A few weeks ago my friend Daniel died, by his own hand. It's taken me a while to be able to consider writing a few words about him.
Daniel was a writer, a scholar, a songwriter, a poet by vocation and by nature. A natural eccentric, angel headed hipster, one of the bohemian men of Sydney's Kings Cross, one of my people.
I haven't investigated his death. I don't want to know. Something went wrong, something broke, he wasn't the first good man to choose his own way out. Whether this was a considered choice or an accident of mental illness, I guess I'll never know. It doesn't matter now.
I'll miss a mind that always understood, a brain that stored more information than any other I've encountered. I'll miss a tough guy who never employed a physical threat, no matter how he was provoked. I'll miss an authentic individual. I'll miss talk of cooking, talk of cricket, talk of life and love, talk over coffee and cigarettes, and then some more talking. I'll miss my friend.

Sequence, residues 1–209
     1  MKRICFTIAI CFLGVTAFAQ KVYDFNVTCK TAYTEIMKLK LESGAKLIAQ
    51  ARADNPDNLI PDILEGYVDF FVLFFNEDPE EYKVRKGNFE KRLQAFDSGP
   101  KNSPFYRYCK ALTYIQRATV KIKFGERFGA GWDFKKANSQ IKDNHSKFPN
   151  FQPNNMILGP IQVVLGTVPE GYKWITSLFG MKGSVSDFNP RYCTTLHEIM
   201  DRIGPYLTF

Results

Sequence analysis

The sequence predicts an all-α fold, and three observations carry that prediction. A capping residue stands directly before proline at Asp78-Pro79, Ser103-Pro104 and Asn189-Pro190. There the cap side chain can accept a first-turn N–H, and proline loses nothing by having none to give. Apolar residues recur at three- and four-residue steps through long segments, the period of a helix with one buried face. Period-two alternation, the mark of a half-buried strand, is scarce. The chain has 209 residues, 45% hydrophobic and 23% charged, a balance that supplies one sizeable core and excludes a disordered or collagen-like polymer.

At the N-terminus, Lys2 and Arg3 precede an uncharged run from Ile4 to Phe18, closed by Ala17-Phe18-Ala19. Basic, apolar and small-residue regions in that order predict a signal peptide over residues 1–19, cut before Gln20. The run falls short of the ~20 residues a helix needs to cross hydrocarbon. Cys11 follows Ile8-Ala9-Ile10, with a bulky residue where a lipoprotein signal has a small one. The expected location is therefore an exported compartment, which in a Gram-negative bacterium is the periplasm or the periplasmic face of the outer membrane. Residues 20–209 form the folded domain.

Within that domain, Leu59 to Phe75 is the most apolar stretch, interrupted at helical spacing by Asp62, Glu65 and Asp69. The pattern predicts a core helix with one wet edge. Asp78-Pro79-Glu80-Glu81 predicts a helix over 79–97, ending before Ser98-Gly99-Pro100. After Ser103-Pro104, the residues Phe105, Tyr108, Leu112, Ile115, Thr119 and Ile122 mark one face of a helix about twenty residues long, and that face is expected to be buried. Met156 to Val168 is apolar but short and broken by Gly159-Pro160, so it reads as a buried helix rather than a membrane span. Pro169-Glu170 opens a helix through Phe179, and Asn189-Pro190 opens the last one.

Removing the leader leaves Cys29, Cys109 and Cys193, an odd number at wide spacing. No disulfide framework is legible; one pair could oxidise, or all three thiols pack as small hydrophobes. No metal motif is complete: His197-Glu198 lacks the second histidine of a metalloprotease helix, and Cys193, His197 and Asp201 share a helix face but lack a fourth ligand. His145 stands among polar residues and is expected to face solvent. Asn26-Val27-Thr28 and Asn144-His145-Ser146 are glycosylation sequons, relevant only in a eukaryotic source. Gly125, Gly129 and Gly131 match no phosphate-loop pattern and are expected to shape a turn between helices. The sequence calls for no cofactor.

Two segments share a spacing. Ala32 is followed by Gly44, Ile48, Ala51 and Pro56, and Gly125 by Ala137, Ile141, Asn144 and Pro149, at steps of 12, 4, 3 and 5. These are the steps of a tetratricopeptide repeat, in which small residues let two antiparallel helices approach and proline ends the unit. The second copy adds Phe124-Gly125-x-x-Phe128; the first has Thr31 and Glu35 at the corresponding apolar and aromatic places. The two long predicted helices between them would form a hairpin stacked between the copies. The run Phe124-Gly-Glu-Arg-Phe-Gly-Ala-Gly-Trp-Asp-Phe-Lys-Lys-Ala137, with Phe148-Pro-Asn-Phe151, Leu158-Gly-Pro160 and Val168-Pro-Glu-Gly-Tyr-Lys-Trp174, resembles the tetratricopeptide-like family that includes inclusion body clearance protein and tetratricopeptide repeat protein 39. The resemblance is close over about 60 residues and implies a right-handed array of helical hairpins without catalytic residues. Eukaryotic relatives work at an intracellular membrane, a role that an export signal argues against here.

It can be difficult to reconcile with the idea of suicide. I can't imagine the pain for his loved ones. Daniel spent some of his forty years addicted to heroin. He'd beaten that, so why couldn't he beat whatever it was that caused his final decision?
I guess if Daniel were here we'd shrug our shoulders and laugh, "none of us are going to live forever mate, fancy another coffee? My shout . . . ", but he isn't here, and there won't be another coffee, and we'll never talk together again.
I'm crying as I write this, and laughing, knowing Daniel would have written it better, and knowing now it is still too soon to think about it too much.
There was a brotherhood between us, we'd both been broken hearted, broke, both paid a price for following our own paths, but our paths met, so I rejoice in the time they ran alongside each other. We both lived knowing that none of us are going to live forever. I mourn the passing of a fellow traveller.